I must have some sort of terrible, ingrained barf-wish when it comes to Cheap Eats from a can.

For the past couple years, against my better judgement, I’ve been eyeing all of the Chef Boyardee products whenever I see them on sale at the supermarket. Never you mind that my earlier experiences with these canned acts of violenzz toward my stomach have been altogether diarrhetic. Something just draws me to the poofy white be-hatted smiling Italian grandpa on the label.

I don’t have a clue what it is in the cans that affects me. Whenever I’ve tried Spaghetti-Os, Ravioli, or other canned pasta creations by father figure Boyardee I’ve had some very bad reactions. Downtime usually ranges from 1-3 days of out-of-commission toilet duty. It’s always put me off for a few years until like the proverbial moth drawn toward the bug zapper, I’ve again flown back toward these canned nuclear pasta bombs of disaster.

So, it had been way too long – maybe 5 years already. I was due. It was on sale, so these 99% Fat Free Chef Boyardee Beef Ravioli landed in my shopping cart with a thud. A buck to load up my stomach with Russian Roulette. Heavenly.

Earlier, there was some sort of special on Food Network (must have been Unwrapped) where they profiled Chef Boyardee products. I have to confess that seeing that show is probably what caused me to give it another try. Especially when the host (Mark whateverhisnameis) absolutely GUSHED at how delicious that sauce was which was one of its major selling factors back in the day. I don’t doubt it was amazing originally, but it’s gotta be a far cry from the canned product of today.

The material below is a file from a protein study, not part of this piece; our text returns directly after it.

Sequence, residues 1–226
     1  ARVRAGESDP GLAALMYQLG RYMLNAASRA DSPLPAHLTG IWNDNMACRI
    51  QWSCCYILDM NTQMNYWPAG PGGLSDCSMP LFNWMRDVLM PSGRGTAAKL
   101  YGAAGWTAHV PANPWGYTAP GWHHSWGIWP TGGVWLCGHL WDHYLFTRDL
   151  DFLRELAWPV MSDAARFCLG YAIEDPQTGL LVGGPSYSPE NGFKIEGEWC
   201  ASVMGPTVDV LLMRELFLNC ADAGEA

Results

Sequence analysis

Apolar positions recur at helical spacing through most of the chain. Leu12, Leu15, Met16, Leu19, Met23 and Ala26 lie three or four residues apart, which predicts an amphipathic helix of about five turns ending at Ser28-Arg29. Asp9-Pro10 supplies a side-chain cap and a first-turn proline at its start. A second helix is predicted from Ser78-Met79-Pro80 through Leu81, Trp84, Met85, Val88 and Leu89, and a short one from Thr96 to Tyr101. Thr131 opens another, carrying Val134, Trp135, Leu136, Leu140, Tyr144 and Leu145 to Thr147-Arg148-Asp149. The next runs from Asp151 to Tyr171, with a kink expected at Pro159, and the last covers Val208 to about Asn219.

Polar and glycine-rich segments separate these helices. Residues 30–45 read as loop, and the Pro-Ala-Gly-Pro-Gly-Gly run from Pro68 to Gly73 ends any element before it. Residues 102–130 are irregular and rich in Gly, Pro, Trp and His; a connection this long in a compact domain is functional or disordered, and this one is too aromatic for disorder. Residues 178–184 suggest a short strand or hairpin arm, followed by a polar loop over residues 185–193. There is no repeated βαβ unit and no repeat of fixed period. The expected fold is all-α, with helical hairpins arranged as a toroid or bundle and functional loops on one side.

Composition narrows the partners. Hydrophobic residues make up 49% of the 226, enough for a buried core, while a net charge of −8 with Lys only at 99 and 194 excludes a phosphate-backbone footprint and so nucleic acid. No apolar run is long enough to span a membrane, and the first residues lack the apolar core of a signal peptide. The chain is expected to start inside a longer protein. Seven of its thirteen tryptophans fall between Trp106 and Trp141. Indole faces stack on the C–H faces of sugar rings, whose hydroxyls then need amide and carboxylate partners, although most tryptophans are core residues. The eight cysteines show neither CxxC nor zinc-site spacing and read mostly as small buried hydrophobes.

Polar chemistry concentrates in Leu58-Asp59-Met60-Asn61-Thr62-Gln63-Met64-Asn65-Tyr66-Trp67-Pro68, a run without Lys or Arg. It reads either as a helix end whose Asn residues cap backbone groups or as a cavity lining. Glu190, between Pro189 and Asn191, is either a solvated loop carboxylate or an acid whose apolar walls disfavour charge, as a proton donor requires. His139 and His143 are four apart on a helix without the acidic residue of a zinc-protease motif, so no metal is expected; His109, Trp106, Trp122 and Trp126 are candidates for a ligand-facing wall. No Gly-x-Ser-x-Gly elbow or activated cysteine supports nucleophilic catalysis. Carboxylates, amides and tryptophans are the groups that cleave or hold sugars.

I ended up picking up the Beef Ravioli instead of Spaghettios at Albertson’s. 99% Fat free as well – for you health conscious readers. I probably shoulda checked Big Lots or the Dollar Store for something cheaper.

My favorite thing about the can is how big the “Look! – Easy Open Top” arrow was. As if an easy open can was compensation for the culinary malaise to come. If you detect a negative attitude here, well, I really wanted to hate Chef Boyardee because of what it’s done to my insides in the past.

Chef Boyardee - Cheap Eats at Bloglander